Just in time for the holiday season, Amazon Studios has released The Aeronauts, a soaring historical adventure film about the perils faced by a Victorian scientist and a balloonist attempting to fly higher than anyone before them. Granted, the characters might be a bit thinly drawn when it comes to emotional depth, and the earth-bound first act is solid, if unremarkable, period drama. However, once the film (literally) gets off the ground, it blossoms into a gripping, thoroughly entertaining epic tale of survival at punishing altitudes. Above all, the film looks spectacular; every frame is practically a canvas, painted in vibrant, almost Disney-esque hues.
(Some spoilers below.)
The Aeronauts is a fictionalized account of a historic balloon flight by pioneering meteorologist James Glaisher. He and his pilot, Henry Coxwell, made several balloon flights to measure the temperature and humidity of the upper atmosphere between 1862 and 1866. Armed with scientific instruments and bottles of brandy, Glaisher and Coxwell set a world-altitude record, reaching an estimated 38,999 feet (11,887 meters) on September 5, 1862. They were the first men to reach the atmospheric stratosphere, and they did it without the benefit of oxygen tanks, pressure suits, or a pressurized cabin.
During the flight, the men released pigeons at various altitudes to see how well they flew, recalling that those released above the three-mile mark "dropped like a stone." They would have continued rising and likely died because the valving rope Coxwell needed to manipulate to begin their descent got tangled up with the balloon net. Coxwell had to climb out of the basket and up into the rigging to release the valve with his teeth—his hands were badly frostbitten—in order to begin their descent. By then, Glaisher had passed out. Eventually, the men landed safely (if a bit roughly) about 20 miles from their original launch point.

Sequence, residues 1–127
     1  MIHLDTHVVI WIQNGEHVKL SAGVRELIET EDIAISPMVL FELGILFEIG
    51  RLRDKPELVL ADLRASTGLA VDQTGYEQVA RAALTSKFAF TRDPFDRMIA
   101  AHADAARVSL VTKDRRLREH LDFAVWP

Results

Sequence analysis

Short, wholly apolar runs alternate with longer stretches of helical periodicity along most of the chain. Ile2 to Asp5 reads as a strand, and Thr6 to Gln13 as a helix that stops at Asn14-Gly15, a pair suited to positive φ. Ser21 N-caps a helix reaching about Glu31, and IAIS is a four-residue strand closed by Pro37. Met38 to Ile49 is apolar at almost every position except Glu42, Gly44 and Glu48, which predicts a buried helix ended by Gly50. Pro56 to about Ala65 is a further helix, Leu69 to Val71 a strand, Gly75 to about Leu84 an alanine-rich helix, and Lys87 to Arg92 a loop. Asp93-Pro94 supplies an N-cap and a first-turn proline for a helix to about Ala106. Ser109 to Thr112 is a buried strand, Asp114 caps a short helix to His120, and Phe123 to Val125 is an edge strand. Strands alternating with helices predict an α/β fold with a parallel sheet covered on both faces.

The film version recreates many of those elements, but while Glaisher is a primary character (played by Eddie Redmayne of The Theory of Everything) in The Aeronauts, writer/director Tom Harper opted to replace Coxwell with a fictional female character, Amelia Wren (Felicity Jones, also of The Theory of Everything). It opens with a frustrated Glaisher trying in vain to convince his scientific colleagues of the potential of ballooning to enable better study of Earth's atmosphere, resulting in more accurate weather prediction. Meanwhile, a widowed Amelia is facing pressure from her mother and sister to remarry and leave her ballooning adventures with her late husband behind her. When Glaisher offers Amelia a job piloting a balloon higher than anyone has attempted before, she is initially reluctant, but then accepts. They end up facing far more peril than they bargained for.
Up, up, and away
Harper wanted his sky-borne scenes to be as authentic as possible. These were by far the most challenging aspect of the production, since he wanted to shoot his actors in an actual balloon at 2,000 feet. According to co-producer Todd Lieberman, that involved finding someone willing and able to build an 80-foot helium-filled (as opposed to a hot air) balloon—and someone willing and able to fly it. A company called Flying Pictures, headed by Colin Prescot, obliged. Prescot also brought renowned Swedish aeronaut Per Lindstrand aboard to pilot the balloon. (Lindstrand famously made a series of transoceanic hot-air balloon flights in partnership with Sir Richard Branson.)
"I think a balloon of this kind hadn't been built in over four decades, and this might be the first replica of a period balloon of that era ever built," said Lieberman.